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Hinsdale Probate and Estate Administration Lawyer

What is Probate & When is it Required in Illinois?

When a loved one passes away, someone must manage and distribute the estate. A well-executed estate plan helps to simplify the distribution process. When an estate plan is not in place via a will or trust, or the plan drafted does not take measures to avoid probate, the estate may have to go through the court-managed process of probate.

There are a few circumstances in which probate is required in Illinois, including:

  • If the assets exceed $100,000
  • If the assets contain real estate
  • If letters of office (one-page certified documents issued by a probate court) have been issued
  • If the decedent's family believes someone will contest the will or there will be an heirship dispute

At Russo Law Offices, our Hinsdale probate lawyer assist clients with drafting detailed estate plans that help avoid the probate process. We also help clients who do not want a living trust, but who know that a well-drafted will is essential to a smooth probate process. In addition, our attorneys work with clients who are navigating the probate process.

To learn more about asset distribution, contact our estate planning attorneys today at (630) 608-6697.

How Can I Avoid Probate in Illinois?

In Illinois you can do the following to avoid the probate process:

  • Create a revocable living trust
  • Set up payable-on-death accounts
  • Create a joint ownership
  • Ensure that proper beneficiaries are named

What is the Probate Administration Process?

A probate proceeding is initiated in the decedent's county of residence. The court will oversee independent administration or supervised administration depending on the complexities of the case.

The steps of the process typically involve:

  • Filing a petition with the probate court
  • Sending notice to heirs and the public
  • Appointing an executor or administrator
  • Preparing an inventory of the estate
  • Administering claims of creditors
  • Selling assets
  • Filing and paying of taxes
  • Distributing assets to beneficiaries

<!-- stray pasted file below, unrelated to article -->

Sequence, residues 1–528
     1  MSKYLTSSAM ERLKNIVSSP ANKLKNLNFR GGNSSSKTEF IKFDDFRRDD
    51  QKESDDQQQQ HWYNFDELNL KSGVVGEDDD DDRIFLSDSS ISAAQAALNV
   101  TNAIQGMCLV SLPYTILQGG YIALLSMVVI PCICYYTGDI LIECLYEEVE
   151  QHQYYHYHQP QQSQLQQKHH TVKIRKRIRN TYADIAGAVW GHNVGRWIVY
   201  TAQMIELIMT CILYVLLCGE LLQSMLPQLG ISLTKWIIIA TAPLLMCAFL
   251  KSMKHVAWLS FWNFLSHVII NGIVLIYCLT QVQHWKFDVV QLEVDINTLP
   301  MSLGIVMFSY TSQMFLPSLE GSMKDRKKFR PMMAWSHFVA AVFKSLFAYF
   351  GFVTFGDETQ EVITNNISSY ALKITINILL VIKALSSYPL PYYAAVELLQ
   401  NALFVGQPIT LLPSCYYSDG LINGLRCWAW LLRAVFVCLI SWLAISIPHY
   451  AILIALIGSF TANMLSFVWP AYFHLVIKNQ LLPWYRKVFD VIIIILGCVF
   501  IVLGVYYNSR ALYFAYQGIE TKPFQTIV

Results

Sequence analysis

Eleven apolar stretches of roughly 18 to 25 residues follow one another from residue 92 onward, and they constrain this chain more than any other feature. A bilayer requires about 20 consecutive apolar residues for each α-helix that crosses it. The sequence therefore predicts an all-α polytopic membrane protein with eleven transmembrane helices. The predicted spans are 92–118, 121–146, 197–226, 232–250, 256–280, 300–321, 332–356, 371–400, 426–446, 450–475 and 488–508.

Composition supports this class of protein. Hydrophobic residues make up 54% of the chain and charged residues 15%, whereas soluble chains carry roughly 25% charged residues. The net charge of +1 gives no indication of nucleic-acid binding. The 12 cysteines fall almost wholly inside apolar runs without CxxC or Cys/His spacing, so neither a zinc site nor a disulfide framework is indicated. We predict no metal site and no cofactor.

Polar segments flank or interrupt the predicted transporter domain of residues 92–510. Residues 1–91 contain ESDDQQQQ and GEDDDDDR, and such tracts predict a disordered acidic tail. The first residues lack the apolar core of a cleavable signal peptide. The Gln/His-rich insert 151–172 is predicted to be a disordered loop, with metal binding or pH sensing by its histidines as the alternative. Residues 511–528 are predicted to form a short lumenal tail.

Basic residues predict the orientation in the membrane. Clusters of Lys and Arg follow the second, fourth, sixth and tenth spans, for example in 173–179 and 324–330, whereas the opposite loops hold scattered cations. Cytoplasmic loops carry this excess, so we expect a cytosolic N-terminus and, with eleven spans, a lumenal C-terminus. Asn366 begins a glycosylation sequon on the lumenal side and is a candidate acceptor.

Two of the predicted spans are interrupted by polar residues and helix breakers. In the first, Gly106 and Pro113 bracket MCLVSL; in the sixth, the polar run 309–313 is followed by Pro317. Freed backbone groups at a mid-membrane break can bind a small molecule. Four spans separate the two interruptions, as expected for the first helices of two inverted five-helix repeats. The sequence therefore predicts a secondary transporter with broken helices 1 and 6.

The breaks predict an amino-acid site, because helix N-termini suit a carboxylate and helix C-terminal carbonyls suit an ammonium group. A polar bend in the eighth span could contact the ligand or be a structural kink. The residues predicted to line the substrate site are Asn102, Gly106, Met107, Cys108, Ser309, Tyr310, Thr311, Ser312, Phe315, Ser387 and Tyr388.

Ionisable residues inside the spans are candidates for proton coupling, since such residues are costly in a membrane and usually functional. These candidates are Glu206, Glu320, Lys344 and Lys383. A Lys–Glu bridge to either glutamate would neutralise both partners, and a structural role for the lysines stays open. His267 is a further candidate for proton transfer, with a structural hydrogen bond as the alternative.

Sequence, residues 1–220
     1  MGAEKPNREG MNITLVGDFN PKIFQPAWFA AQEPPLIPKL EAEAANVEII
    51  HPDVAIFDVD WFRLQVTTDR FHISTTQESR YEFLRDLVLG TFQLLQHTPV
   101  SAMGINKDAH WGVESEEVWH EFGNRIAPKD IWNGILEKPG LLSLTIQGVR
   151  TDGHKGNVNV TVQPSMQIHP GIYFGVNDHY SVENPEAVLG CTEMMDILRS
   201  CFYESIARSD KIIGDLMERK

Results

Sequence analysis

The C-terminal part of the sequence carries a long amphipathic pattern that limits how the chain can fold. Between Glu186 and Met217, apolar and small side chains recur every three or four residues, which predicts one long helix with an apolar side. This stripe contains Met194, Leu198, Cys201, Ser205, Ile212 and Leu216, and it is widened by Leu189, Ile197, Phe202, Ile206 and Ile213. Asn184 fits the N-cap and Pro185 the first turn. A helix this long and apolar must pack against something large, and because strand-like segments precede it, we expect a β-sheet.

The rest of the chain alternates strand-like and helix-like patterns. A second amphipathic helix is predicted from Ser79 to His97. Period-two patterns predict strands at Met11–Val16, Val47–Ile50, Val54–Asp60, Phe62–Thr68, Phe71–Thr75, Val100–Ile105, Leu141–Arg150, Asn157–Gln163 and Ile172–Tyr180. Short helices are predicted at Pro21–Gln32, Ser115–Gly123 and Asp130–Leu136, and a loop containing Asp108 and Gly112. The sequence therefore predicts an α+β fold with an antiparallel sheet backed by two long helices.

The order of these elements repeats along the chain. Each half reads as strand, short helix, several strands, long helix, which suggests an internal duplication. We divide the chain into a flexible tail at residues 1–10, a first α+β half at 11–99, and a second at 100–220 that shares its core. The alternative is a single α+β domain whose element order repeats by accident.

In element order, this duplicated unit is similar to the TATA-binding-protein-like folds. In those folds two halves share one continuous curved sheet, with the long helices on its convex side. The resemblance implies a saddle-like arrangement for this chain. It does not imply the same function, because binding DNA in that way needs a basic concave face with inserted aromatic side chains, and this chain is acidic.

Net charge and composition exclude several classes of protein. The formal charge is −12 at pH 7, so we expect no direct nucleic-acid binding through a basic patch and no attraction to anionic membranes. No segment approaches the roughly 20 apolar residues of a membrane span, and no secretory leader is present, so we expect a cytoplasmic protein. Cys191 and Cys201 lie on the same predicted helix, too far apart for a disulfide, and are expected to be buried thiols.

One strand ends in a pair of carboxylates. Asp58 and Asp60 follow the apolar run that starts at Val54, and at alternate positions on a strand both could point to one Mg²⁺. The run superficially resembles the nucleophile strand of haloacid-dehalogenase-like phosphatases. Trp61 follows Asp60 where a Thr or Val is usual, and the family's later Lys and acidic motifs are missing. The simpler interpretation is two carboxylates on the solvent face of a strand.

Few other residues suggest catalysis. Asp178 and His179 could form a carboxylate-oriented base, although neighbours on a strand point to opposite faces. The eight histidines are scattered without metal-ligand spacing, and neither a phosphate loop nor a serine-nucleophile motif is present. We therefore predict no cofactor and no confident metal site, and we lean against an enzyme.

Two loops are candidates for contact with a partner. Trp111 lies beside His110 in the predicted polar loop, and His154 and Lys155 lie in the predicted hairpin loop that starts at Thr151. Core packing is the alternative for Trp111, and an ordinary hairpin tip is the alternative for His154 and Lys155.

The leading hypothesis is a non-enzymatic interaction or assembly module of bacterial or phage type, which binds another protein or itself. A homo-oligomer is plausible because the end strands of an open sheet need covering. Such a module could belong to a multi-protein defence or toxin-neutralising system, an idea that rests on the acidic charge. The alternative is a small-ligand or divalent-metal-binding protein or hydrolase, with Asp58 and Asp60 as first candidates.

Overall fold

How Long Does Probate Take in Illinois?

Generally, the Illinois probate process will last between 6 and 12 months. However, it can certainly last much longer depending on various factors. There's a guarantee that the process will take at least six month because that is the time allotted to creditors to make any claims against the estate.

Illinois Probate FAQ

How much does probate cost in Illinois?

On average, if it is a straightforward case, probate costs will range between $4,000-$6,000. The probate law in Illinois dictates that the costs of probate will be paid for by the estate.

What are the requirements for writing a will in Illinois?

Here are the following requirements for writing a will in Illinois:

  • Must be at least 18 years old
  • Must be of sound mind with the mental capacity to understand the consequences of the will being created
  • Must sign the will with two witnesses present; the two witnesses must also sign the will

The lawyers at Russo Law Offices work with heirs, beneficiaries, executors, and trustees to solve and complete estate administration. We also work with individuals who wish to create an estate plan and take measures to avoid probate when possible. If you need a probate lawyer or have any questions regarding estate planning, our Hinsdale probate attorneys can help. Located in Hinsdale, Illinois, we serve clients throughout the Chicago area including Cook, Lake, Will, and DuPage counties. We know you are busy, so we work hard to make your interaction as convenient as possible.

Contact us at (630) 608-6697 to set up an appointment. We are available evening and weekend hours upon request.

Efficient and Effective Solutions You Can Trust

  1. Drafting wills
  2. Establishing trusts
  3. Probate proceedings
  4. Establishing health care directives
  5. Executing powers of attorney
  6. Long-term care planning
  7. Medicaid and Medicare planning
  8. Creating living wills and health proxies
  9. Guardianships and conservatorships
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